When he asks why, I say because I’m out of money.
& because I know there’s a shoebox in the garage
with a pair of clippers inside that Santa brought him
that he hasn’t used since we were kids.
My parents couldn’t afford haircuts for four of us
so my dad learned how to do it.
We’d sit outside in a row of lawn chairs
& he’d move down the line,
buzz my brothers’ heads with a #2,
wet our hair before trimming mine & my sister’s bangs
straight across, so slowly, so carefully, that no one would know
we were getting backyard haircuts from our dad.
When he finished, he’d gather up our hair
& spread it in his garden to keep deer away from his tomatoes.
I’m no longer ashamed of being poor, late twenties,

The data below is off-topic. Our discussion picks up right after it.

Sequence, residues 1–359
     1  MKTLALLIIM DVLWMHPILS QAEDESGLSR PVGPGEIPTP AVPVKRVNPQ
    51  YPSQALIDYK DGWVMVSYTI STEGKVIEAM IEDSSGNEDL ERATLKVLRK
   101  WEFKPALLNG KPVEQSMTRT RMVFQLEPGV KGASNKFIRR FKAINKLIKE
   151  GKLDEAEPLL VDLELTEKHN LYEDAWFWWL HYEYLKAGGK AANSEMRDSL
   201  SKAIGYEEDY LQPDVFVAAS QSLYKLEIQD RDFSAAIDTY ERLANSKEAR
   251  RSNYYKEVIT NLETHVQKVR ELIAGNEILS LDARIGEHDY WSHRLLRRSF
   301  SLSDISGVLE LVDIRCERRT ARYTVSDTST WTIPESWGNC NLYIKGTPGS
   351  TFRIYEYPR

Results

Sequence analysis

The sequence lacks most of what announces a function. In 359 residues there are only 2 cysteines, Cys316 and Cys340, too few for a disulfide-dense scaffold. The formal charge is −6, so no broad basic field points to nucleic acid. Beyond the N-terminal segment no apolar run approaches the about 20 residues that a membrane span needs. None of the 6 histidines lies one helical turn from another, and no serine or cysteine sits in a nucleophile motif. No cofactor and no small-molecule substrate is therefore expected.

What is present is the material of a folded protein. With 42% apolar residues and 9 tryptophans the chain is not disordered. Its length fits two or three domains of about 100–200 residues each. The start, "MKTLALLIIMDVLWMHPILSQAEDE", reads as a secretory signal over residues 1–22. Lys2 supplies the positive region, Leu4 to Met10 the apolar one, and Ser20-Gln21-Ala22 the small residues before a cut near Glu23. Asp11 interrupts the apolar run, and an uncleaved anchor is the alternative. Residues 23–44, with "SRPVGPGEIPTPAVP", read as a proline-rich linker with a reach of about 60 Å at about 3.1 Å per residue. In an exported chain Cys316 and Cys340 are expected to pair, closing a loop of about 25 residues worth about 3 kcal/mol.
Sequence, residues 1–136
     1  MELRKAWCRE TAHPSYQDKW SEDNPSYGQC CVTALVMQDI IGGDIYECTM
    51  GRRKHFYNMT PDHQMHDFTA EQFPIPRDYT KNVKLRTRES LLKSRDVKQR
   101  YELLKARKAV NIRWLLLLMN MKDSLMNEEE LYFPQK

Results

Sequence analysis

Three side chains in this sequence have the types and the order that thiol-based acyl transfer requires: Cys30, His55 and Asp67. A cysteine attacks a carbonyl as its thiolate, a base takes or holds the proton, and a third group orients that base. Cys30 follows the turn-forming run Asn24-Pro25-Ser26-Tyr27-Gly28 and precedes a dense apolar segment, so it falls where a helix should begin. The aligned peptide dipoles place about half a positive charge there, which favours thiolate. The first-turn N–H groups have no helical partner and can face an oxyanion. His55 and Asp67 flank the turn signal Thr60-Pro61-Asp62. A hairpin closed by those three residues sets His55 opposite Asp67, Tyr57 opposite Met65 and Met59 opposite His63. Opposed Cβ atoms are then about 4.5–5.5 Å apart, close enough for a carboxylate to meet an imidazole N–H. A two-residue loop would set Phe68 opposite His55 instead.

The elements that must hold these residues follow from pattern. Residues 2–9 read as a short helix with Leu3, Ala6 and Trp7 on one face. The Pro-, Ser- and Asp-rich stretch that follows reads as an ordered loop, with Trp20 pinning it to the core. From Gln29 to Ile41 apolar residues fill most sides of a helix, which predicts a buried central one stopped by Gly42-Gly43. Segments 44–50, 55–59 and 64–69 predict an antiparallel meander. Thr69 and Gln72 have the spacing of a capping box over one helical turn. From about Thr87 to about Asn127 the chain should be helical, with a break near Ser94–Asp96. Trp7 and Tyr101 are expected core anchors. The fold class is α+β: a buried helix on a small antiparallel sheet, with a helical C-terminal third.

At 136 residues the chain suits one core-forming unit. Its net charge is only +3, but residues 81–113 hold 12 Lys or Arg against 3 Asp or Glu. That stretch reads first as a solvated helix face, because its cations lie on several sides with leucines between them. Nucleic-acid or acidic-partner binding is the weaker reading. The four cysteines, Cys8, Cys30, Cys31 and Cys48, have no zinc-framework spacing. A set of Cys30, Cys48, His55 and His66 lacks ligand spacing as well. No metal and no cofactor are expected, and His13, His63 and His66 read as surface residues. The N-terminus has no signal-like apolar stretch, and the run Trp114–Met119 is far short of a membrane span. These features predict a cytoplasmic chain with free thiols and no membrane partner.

still in school, never had a job that paid much
more than minimum wage. So when I imagine my dad
agrees to shave my head, which I have to do
because he is ashamed of how his oldest daughter
looks like a third son, what I mean is I can remember
the love inside my father but can’t see it. When I was a kid
we tossed baseball, built birdhouses he hung in the trees.
In elementary school, a friend asked me if I had a mom.
So when I imagine he agrees to shave my head
he doesn’t ask me if it’s a lesbian thing,
doesn’t tell me what is “natural,” how I should be
sorry. Instead, he understands this haircut
from an economic perspective—a buzz will look good
for months, even after it’s grown out, which means
fewer minutes spent in Great Clips, fewer dollars spent
on what he can do himself. & this is okay with me.
He is a businessman, after all.